Related: Why 3D food printing is more than just a novelty; it’s the future of food

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Pluto's heart has a name. NASA / JHU-APL / SwRI

In the days before we had easily accessible maps of everything from our own body to the world undersea on our phones, in our cars and even on our wrists, being one of the limited number of places chosen to be "on the map" -- as in an actual folding paper one -- was a sign of a place's importance. Once you were on the map, you were often on it for good, even if your town burned down and disappeared decades ago. Today, for example, Kokrines is an empty spot on the side of the Yukon River, but one that still gets a named black dot on many maps.

This makes it all the more insulting to poor Pluto that it is no longer on most maps of our solar system after being demoted in 2006 by the International Astronomical Union. Could an entire world really be worthy of less recognition than an empty stretch of remote riverbank?

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Why do we have so many languages in the world? We could easily blame it on a combination of creativity, contact, confusion, atrophy, and style caused by local populations used to create slight regional variations on the local tongue. Or we could say that God had a strong hand in the many languages that were created and who stated the below according to the Bible:

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Despite the country being a key market continuing to see tremendous growth, Apple nevertheless lost ground in China to native phonemakers Xiaomi and Huawei during the June quarter, according to Canalys market research data teased on Monday.

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Xiaomi reclaimed the lead with a 15.9 percent share, Canalys said. Huawei grew 48 percent sequentially to a 15.7 percent share, helping to push Apple down to third place, and growing faster than any other company in the top 10. Samsung and Vivo took fourth and fifth place.Canalys didn't quote Apple's exact share in advance of publishing a full report later this week. In July, however, Apple announced that it had shipped 47.5 million iPhones worldwide during the June period, and that Chinese revenues were up 112 percent overall — presumably because of the iPhone, its flagship product.Canalys analyst Jingwen Wang commented that while Apple and Samsung have increased channel coverage through flagship stores and small- to medium-sized phone retailers, the Chinese smartphone market stayed stagnant during the June quarter. As a result, competition "has never been so intense," Wang said.Apple is continuing to succeed on a global level. Recent Strategy Analytics data pointed to Apple becoming the second-biggest cellphone vendor worldwide during the June quarter, including not just smartphones but basic "feature" phones, which often sell in poorer markets that smartphones can't reach.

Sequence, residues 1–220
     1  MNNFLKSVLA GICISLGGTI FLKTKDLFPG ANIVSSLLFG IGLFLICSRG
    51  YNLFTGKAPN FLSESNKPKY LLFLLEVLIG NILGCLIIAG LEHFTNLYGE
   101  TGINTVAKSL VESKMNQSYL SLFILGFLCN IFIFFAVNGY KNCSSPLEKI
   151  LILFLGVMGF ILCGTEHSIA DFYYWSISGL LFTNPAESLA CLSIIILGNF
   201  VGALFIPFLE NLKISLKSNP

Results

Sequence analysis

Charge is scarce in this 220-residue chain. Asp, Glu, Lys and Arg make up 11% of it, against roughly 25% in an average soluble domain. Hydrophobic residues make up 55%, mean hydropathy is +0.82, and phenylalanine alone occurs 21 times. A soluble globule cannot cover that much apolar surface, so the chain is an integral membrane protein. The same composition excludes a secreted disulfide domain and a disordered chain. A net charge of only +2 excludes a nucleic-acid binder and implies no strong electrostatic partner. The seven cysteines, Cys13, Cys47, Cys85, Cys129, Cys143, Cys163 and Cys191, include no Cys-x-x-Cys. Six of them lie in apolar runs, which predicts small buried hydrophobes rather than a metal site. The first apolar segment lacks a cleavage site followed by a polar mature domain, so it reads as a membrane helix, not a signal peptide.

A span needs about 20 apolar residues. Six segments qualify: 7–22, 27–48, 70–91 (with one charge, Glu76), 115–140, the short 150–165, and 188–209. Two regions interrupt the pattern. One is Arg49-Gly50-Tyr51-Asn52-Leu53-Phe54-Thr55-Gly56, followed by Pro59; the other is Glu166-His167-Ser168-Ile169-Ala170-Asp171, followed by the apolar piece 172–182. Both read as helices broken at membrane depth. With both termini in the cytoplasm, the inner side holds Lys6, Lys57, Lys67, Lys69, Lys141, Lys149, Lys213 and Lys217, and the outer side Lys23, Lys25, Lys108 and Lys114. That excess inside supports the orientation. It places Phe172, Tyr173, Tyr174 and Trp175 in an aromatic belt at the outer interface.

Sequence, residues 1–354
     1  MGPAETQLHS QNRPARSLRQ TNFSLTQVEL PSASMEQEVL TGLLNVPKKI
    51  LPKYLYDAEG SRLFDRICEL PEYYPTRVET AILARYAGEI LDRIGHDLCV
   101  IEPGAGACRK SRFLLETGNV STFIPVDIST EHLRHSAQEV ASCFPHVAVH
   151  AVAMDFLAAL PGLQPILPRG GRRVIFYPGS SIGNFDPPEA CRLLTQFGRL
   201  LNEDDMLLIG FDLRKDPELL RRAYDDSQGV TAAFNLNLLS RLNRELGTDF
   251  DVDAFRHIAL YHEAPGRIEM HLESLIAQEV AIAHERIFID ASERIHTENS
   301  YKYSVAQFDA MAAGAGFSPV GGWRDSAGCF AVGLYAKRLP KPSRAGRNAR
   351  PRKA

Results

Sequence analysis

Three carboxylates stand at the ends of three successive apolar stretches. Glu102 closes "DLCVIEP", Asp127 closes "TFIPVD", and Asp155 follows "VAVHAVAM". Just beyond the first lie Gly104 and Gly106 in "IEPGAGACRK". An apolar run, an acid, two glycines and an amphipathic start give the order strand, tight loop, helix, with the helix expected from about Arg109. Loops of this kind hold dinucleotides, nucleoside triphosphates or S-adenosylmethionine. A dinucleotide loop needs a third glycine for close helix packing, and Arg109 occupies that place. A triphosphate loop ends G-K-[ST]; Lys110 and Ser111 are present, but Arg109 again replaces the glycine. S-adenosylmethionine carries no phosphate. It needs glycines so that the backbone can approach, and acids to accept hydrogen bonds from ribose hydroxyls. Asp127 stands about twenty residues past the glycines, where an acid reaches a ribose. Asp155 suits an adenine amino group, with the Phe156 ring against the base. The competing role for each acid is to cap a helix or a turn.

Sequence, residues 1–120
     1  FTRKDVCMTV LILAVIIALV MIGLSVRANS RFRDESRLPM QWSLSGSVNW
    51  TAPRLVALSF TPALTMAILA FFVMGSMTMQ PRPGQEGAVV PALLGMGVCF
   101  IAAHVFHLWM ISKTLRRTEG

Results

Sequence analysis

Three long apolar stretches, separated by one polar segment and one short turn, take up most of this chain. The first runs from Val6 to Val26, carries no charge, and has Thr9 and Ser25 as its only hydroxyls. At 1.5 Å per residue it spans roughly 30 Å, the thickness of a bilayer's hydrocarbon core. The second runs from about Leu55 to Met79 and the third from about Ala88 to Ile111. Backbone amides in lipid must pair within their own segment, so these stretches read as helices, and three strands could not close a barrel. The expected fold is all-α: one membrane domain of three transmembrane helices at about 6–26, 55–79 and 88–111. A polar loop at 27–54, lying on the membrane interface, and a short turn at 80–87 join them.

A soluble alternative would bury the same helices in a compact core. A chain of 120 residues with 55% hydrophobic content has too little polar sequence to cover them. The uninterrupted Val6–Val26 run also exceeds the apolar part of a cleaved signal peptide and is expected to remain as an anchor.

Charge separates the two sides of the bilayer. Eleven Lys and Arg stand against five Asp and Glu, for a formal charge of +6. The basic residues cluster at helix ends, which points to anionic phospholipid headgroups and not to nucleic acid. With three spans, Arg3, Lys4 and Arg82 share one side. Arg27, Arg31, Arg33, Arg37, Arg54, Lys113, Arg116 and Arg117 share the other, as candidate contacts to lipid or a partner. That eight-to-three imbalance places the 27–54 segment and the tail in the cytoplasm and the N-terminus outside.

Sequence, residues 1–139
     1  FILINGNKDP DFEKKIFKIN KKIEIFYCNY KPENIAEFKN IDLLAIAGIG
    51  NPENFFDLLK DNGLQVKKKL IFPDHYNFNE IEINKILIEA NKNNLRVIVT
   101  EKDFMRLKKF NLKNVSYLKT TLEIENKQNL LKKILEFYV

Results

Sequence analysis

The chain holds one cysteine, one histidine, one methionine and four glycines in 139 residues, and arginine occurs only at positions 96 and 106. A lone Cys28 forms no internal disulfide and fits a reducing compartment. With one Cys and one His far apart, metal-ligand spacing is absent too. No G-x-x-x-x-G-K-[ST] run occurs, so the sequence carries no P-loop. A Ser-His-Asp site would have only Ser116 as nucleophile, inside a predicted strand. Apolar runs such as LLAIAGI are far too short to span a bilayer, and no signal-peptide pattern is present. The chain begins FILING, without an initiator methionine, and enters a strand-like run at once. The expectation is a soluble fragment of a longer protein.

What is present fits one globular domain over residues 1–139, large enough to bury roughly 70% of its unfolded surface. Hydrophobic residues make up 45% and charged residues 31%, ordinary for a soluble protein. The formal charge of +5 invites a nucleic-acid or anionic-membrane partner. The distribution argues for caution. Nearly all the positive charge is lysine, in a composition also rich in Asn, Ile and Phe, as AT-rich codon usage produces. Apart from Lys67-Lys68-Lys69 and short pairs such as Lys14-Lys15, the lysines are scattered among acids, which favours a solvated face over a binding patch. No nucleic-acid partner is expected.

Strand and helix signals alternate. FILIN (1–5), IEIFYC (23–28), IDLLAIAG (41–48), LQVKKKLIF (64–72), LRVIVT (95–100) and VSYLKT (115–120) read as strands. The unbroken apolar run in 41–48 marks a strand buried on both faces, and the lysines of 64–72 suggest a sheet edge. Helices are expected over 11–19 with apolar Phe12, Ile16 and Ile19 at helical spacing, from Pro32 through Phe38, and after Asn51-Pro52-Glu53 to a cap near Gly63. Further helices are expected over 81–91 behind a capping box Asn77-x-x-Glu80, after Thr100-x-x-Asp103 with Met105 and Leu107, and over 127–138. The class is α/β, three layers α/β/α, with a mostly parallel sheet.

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Venture-backed food replacement drink maker Soylent – yes, named after the movie where people unknowingly were sustained by eating other people – is out today with its newest product. The company this morning introduced “Soylent 2.0″ (still not people), which is actually a vegan, soy-based nutritional drink that’s now shipping in a ready-to-drink package. Previously, Soylent sold its $3-per-meal shake in the form of a powder which shipped with a free mixer and scoop.

The outside investment helped bring the cost down to $2 for 400 kcal of Soylent (or $70/mo), which itself is a mix of carbohydrates, amino acids, proteins and dozens of other vitamins.

The startup built a lot of buzz, especially among the highly-driven tech community and college student crowd, who would down Soylent instead of meals when they were too busy coding or cramming to take time out to eat.

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Bohemian Guitars first won our hearts with their unique oilcan git-fiddles, an instrument at once primitive and surprisingly advanced. I played with them about two years ago and now they’re back with two new instruments and an updated axe.